12 Must-Have Holiday Spices to Keep in Your Pantry
Want to bump up your holiday baking? We talked to the experts at The Spice House about what spices and herbs are best to use this time of year.
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According to Alex Wilkens, Operations Manager at The Spice House, “the holiday season is definitely cardamom season.” This spice is aromatic. It starts crisp and finishes with a bit of heat—almost like ginger. You’ll find it in many Scandinavian-style bakes like this pistachio-cardamom cheesecake or used in homemade bread to give it a bit of wintry warmth.
What would the holidays be without ginger? It’s the star of the show in the quintessential holiday bake: gingerbread. However, if you want to add an extra pop of ginger to your bakes, go beyond the ground ginger option and try crystallized ginger. This sugared variety adds texture, flavor and sweetness to our Test Kitchen’s favorite yule log cake.
If most cinnamon is a bit too spicy for you or you just don’t want it to overpower other flavors in your go-to recipes like these tempting cinnamon rolls, Alex recommends Korintje cinnamon. “For the more reserved among us we always recommend Korintje cinnamon which has a similar sweet meets heat profile, just dialed down,” he says.
Cloves are a love-it-or-hate-it kind of spice. According to Alex, that’s because many people go overboard with them. But he says don’t swear them off entirely. “They add extraordinary floral depth and character.” But the secret is to add very little. “As soon as you can taste them, you’ve gone too far.” So this holiday, keep using cloves, but be precise in your measurements and be careful not to overdo it.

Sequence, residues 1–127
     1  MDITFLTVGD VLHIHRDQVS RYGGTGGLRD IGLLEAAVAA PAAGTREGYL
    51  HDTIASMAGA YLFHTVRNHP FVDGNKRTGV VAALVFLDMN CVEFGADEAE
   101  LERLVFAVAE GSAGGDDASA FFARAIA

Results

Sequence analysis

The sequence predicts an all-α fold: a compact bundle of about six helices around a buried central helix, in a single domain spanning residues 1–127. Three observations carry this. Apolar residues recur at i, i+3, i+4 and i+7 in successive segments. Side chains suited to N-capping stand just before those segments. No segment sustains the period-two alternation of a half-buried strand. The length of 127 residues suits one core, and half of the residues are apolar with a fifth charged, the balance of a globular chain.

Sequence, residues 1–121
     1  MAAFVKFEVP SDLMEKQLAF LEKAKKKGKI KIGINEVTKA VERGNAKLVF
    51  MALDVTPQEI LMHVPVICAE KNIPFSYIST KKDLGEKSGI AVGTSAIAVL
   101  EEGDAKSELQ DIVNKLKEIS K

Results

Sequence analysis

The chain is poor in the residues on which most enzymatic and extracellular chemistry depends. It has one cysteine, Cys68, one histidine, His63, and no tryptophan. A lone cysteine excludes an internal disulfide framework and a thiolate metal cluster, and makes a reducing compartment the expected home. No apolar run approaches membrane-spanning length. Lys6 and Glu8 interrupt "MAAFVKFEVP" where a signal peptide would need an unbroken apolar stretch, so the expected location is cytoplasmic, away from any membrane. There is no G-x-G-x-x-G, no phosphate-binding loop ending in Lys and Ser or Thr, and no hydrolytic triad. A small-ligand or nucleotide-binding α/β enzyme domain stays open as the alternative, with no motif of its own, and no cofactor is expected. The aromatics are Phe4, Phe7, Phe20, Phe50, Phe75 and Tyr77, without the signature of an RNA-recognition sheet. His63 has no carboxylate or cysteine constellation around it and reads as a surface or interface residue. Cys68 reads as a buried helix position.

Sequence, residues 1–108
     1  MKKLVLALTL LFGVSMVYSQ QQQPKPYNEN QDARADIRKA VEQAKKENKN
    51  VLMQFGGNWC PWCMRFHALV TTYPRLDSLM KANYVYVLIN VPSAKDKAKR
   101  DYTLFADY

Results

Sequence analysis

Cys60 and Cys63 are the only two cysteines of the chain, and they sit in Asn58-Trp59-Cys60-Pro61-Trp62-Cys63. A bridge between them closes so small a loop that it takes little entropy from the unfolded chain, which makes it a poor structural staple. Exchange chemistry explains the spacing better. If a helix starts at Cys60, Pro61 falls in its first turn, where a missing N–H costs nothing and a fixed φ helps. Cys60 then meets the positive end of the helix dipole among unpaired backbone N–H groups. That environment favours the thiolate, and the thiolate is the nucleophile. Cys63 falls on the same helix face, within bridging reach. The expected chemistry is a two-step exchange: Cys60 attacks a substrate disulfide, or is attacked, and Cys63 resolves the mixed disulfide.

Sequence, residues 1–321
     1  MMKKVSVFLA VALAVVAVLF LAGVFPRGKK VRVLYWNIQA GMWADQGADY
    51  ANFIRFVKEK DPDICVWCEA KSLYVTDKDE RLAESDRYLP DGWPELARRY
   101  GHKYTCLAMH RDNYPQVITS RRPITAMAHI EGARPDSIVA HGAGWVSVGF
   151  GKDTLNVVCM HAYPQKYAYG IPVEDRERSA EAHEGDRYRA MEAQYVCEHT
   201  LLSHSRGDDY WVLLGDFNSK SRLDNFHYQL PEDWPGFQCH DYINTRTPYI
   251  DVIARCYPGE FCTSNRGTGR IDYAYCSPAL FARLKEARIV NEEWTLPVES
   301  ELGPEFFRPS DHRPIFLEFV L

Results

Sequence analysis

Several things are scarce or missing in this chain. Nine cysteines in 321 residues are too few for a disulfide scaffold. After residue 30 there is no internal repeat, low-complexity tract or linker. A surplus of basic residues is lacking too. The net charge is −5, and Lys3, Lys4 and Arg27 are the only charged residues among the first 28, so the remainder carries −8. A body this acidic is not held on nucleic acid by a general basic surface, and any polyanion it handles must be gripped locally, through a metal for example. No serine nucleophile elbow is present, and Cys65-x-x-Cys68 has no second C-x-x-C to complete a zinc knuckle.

Rosemary is a great herb to use all year round, but its slight pine flavor makes it an apt ingredient for the winter months. Use this herb in dinner rolls for Christmas or even add a sprinkling to your shortbread.
Urfa Biber Chiles
Alex says that Urfa Biber chiles, a cousin of Aleppo pepper, are his secret holiday ingredient. “If you have any deep, dark secret recipes that are loaded with chocolate, sprinkle in some Urfa Biber chiles and don’t say a word,” he says. “Mixed into a double chocolate brownie, these slightly oily, slightly salty, slightly fruity chiles deliver just enough heat to remind you that you belong at the grown-up’s table this year.” We recommend using a dash of these chiles in our favorite dark chocolate recipes.
Some folks might think that pumpkin spice is overdone, but Alex says don’t sleep on this popular blend of cinnamon, nutmeg, ginger and clove. He says the trick is to use it in non-traditional applications. Try it mixed into your favorite caramel corn recipe.
When it comes to baking spice blends, we’re all familiar with pumpkin pie spice with its cinnamon, clove and ginger. This holiday season, put down the pumpkin spice and pick up an unexpected but very fitting blend: Garam Masala. This blend has all the warming spices you love this time of year: cardamom, ginger, cinnamon and nutmeg. “It makes perfect sense to try it in your cookies, brownies or pancakes,” says Alex.
Mulling spices—a blend of cinnamon, allspice, cloves and other flavors—are the perfect way to amp up any wintry drink. Simmer cider or wine with this mix for a treat that pairs perfectly with cozy slippers and a Christmas movie marathon.